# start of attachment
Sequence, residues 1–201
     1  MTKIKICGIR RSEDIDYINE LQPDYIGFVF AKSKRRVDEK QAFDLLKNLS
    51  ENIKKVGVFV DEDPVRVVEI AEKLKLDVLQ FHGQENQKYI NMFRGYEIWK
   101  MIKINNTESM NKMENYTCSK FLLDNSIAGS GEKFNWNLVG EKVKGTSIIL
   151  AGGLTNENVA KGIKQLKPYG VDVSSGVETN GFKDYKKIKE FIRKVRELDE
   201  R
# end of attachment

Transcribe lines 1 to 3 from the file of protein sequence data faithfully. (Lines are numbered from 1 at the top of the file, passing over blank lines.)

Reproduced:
Sequence, residues 1–201
     1  MTKIKICGIR RSEDIDYINE LQPDYIGFVF AKSKRRVDEK QAFDLLKNLS
    51  ENIKKVGVFV DEDPVRVVEI AEKLKLDVLQ FHGQENQKYI NMFRGYEIWK